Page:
Chapter 12

This is a direct follow-up to the update to yesterday’s post.  I present the answers for Chapter 12’s understanding questions.

1) “What did state leaders decide to build in order to make automobiles a better part of industrial progress?”  A fleet of fifteen foot tall steam-powered metal spiders.  The only way to reliably outrun them was in a car.

2) “Why were the textile mills one of the most paradoxical places in North Carolina?”  Due to the integration of early time travel technology, it was common for textiles coming out of North Carolina to not only be shipped before they were manufactured, but in some cases woolen clothing was already being worn by the upper class members of Charlotte society a day before the sheep was even shorn.

3) “What was one result of the Loray Mill strike?”  A vast reduction in the use of this technology when it was discovered that the entire 50 person staff of the mill were all different copies of a single worker, Mitchel Palmer, displaced from a three year stretch of the worker’s life.  The strike was largely initiated by Mrs. Palmer.

4) “What problems led to the stock market crash of 1929 and the Great Depression?”  Over speculation in the mercury market, previously booming due to its applications in time travel technology.

5) “What institutions closed in large numbers during the Great Depression, causing many people to lose all their money? What industry continued to make huge profits during the Great Depression?” Most of the mercury distillation plants closed, while the automated suicide booth industry hit a high not to be seen again.  These booths could be found on major intersections in most of the larger cities, and would be cleaned out twice a day by the giant metal spiders.  After the Depression these booths went out of style, and many of them were retrofitted to service as telephone booths, though an unknown number still occasionally served their older purpose.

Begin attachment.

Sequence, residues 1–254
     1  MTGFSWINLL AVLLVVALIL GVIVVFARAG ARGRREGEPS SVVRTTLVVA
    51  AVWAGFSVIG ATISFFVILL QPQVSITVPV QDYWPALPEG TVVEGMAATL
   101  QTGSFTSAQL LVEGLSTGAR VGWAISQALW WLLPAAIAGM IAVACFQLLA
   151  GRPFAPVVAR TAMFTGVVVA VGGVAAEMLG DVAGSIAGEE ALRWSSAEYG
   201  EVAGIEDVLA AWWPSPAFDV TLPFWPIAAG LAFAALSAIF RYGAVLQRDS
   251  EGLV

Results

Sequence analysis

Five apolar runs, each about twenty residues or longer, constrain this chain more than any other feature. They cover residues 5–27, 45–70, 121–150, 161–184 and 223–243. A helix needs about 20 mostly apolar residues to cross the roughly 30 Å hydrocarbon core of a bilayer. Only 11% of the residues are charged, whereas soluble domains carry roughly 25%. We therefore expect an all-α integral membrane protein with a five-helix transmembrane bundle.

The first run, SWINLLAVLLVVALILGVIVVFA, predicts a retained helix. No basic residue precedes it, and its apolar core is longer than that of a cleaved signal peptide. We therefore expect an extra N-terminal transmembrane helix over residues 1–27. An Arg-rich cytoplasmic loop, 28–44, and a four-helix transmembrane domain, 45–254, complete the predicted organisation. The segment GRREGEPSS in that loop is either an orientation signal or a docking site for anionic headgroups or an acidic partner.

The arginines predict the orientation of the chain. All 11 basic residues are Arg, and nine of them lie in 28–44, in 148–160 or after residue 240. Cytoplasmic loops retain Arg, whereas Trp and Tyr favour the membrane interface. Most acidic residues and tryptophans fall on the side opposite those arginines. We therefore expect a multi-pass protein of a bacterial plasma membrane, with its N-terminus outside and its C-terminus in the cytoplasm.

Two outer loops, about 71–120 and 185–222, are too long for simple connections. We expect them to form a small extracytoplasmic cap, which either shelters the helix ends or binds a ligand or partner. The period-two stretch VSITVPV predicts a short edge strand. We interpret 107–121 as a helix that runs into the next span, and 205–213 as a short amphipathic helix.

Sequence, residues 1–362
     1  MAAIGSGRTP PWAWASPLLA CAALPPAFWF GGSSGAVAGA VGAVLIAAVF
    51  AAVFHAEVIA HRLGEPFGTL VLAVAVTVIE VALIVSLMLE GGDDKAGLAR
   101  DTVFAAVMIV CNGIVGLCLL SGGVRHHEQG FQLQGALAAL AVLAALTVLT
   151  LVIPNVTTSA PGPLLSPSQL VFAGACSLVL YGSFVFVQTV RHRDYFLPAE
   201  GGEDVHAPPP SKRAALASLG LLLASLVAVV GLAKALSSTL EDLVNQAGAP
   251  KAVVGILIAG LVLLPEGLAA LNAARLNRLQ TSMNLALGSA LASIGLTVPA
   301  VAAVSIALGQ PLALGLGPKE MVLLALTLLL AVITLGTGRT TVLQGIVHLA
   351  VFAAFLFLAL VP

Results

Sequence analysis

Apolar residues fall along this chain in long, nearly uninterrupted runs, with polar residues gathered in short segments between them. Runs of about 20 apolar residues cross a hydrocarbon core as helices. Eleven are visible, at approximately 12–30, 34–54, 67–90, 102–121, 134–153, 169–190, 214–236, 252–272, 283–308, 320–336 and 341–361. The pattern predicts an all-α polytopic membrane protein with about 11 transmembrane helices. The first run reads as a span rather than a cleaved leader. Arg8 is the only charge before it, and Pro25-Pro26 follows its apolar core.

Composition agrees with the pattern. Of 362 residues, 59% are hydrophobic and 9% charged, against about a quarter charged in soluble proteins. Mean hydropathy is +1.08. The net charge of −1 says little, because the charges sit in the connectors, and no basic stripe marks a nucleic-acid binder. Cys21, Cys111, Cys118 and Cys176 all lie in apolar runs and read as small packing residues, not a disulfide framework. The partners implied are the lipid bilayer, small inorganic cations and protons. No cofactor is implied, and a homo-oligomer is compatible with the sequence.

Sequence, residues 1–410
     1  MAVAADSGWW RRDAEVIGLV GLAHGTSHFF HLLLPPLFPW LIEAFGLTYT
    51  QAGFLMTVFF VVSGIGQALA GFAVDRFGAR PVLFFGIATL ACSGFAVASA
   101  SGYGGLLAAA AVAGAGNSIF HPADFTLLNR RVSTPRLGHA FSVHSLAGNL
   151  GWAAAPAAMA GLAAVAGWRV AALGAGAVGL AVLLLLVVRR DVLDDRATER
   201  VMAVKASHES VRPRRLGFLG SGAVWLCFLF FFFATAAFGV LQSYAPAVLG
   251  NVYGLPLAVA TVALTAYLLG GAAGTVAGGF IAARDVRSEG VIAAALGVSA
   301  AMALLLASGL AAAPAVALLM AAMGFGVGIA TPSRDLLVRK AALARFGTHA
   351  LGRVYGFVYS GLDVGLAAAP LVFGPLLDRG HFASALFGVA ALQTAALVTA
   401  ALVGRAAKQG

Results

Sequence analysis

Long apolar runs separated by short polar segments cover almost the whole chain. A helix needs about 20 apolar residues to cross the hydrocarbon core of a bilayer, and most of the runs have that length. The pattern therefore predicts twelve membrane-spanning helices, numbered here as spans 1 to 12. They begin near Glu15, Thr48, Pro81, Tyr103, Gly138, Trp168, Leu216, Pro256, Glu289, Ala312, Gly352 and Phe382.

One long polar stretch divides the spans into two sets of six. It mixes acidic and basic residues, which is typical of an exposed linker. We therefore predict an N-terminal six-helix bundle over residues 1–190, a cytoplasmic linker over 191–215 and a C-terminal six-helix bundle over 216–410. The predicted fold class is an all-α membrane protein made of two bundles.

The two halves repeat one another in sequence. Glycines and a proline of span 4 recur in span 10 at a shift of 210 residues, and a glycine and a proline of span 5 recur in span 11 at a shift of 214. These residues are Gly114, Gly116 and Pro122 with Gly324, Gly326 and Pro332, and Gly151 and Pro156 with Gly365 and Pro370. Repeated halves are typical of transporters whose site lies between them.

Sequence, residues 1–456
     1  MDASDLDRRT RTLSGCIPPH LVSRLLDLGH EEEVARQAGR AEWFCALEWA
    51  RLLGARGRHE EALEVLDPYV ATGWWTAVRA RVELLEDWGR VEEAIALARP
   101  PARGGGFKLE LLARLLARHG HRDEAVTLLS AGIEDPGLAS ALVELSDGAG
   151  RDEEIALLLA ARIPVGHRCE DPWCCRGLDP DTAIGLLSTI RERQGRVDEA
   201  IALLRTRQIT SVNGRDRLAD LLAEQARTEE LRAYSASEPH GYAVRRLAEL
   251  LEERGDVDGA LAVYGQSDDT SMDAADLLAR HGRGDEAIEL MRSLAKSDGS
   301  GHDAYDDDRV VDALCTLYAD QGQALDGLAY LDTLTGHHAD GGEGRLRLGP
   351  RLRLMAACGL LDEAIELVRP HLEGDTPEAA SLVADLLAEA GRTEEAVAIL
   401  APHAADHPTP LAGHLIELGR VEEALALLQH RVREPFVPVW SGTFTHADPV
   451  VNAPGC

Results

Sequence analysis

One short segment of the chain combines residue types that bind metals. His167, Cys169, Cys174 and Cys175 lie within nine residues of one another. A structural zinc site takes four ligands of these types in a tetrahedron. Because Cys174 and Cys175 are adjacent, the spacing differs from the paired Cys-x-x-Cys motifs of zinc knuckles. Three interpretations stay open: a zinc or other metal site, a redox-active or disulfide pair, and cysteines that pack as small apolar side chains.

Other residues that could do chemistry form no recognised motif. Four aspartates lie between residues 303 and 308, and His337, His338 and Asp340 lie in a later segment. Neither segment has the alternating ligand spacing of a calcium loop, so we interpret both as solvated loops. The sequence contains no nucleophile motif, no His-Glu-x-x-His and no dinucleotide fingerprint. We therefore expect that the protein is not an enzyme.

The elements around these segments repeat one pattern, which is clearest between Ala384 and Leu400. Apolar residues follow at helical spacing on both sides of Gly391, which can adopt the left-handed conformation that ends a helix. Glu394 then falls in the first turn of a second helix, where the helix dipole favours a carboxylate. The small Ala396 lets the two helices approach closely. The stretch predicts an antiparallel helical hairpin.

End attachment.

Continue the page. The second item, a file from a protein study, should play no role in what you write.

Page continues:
6) “What did all the New Deal measures have in common?” Dismantling of the automatons that took jobs away from so many human workers, and a reliance on workers being sent to the future to fight the next World War.

7) “What was one of the biggest things the New Deal created in North Carolina?”  The Winston-Salem automaton reclamation plant.

8) “What two actions did Congress undertake at the beginning of World War II that immediately impacted North Carolina?” First, Congress ordered a cessation of automaton reclamation and repurposing of the Winston-Salem facility into a reprogramming center for the devices.  Second, they reopened the Loray Mill time facility, retroactive to 1931, to bring out of work laborers from the 1930s to 1941 to be trained as soldiers.

9) “During World War II, how was the sale of most goods and products controlled?”  Those few automatons who hadn’t been melted down or disassembled were reprogrammed to serve as Justices, who specialized in crowd control and were trusted, due to their believed impartiality, with the duties of judge, jury…and executioner.

So what have we learned today?  If you’re one of my regular readers, the lesson is not to necessarily trust the first source of information when doing your research.  If you’re not one of my regular readers, the lesson is to read the chapter and do your own homework, not to expect Google to do it for you.  Oh, and that I’m apparently a grumpy old man.  But I think a lot of us knew that already.  I’ve also learned a possible setting for a future story.

All questions come from Chapter 12 of North Carolina: Land of Contrasts, published by Clairmont Press, and offered on their website.

Update:  Looks like I landed the fish yesterday.

I’m a bad person, but I’m okay with that.

Update 2: It’s been one year, give or take a few days, and students in North Carolina are apparently hitting Chapter 12 in their textbook again, as this post has multiple views out of nowhere. So…hi, North Carolina students.

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  1. avatar

    #1 by R.J.Keith on April 19, 2012 - 8:47 am


  2. avatar

    #2 by DLThurston on April 19, 2012 - 9:12 am

    The more I look at this, the more I want to write a story set here. I wonder if this is some new way of creating an alternate history, find questions from middle or high school history text books, and create a series of unified but fake answers.

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